And while the rebel Jae-hyeok (Kim Nam-gil) may be Pandora's hero because he's the only one who knows how to set up the explosives that will blast the plant to safety and himself to his death, really all the guys are heroes. The only difference being, they've got a few more days to live before their organs give out.

March 14, 2017

Hope: Incomplete Recovery

In Korean, the word "sowon" can be translated as either "hope" or "wish." So-won also happens to be a girl's name. That IMDb has decided to translate this bleak pic's title as Wish (not a girl's name) instead of Hope as Netflix wisely does suggests the Artificial Intelligence at the International Movie Database has yet to see the movie. Because there's nothing wishful about Hope, Lee Joon-ik's harrowing film about the rape of an eight-year-old girl and its devastating aftermath. To be fair, there's not much hopeful either but there are at least glimmers of the latter, enough to restore a little faith in humanity, although God knows we're an awful species. Our failures are great. Bring on the flood.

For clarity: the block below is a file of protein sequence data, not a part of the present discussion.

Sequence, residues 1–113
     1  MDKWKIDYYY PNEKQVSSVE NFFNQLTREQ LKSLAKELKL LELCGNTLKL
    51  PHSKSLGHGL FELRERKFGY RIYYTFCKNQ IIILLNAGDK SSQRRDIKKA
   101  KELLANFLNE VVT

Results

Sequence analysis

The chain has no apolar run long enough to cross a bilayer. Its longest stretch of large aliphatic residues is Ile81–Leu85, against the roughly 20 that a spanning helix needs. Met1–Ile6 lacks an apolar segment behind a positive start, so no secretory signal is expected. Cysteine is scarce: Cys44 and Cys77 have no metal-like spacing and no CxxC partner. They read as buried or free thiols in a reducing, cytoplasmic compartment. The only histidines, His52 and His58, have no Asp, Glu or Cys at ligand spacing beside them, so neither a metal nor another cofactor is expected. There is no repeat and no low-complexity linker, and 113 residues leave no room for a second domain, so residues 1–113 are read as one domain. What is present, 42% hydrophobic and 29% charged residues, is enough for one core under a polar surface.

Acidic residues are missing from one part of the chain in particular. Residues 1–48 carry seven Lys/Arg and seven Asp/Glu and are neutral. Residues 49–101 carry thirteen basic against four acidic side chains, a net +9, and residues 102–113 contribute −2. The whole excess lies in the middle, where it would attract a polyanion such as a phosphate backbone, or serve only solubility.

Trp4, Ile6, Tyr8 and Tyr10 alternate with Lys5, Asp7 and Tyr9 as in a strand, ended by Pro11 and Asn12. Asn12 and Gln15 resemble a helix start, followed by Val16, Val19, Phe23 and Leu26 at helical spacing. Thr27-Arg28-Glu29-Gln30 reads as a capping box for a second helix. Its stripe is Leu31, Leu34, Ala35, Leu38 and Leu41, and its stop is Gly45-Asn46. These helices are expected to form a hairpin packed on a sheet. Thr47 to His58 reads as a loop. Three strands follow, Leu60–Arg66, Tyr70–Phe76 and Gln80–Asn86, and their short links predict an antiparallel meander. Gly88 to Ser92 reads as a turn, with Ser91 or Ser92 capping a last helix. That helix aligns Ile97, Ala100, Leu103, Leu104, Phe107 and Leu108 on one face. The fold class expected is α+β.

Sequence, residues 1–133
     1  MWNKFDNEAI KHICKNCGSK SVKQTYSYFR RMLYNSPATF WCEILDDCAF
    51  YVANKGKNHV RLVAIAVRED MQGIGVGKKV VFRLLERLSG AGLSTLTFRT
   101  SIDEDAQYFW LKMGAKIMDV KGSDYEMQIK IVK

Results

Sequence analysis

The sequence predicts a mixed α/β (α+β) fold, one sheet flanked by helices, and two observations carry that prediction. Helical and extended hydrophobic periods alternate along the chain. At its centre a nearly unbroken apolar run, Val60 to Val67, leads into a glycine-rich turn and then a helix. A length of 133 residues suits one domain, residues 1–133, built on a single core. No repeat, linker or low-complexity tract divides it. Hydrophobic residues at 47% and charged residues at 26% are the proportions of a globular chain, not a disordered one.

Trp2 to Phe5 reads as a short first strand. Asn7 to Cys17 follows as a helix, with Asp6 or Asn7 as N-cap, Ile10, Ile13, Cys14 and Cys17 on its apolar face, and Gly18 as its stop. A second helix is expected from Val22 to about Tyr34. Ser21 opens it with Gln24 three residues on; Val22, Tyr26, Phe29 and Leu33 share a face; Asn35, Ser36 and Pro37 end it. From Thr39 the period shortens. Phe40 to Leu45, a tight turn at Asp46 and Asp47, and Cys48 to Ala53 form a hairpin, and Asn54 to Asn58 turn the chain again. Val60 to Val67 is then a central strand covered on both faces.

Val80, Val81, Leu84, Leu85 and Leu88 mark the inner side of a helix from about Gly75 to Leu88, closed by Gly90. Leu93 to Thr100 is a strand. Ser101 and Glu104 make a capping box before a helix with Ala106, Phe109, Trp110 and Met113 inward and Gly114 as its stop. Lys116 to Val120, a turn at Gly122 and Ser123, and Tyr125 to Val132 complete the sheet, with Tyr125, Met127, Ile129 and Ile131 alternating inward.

It's also worth mentioning that Hope is not the result of some twisted writer thinking, "What's the most horrific scenario I can concoct?" Sad to report: Kim Ji-hye based his screenplay on real events, a turn-your-stomach nightmare in which a 57-year-old man — who had a history of violence — not only sexually violated and nearly killed a young girl but then got off with a 12-year sentence because he was drunk at the time. Clearly, the American court systems aren't the only ones that make unjust rulings that fill you with rage.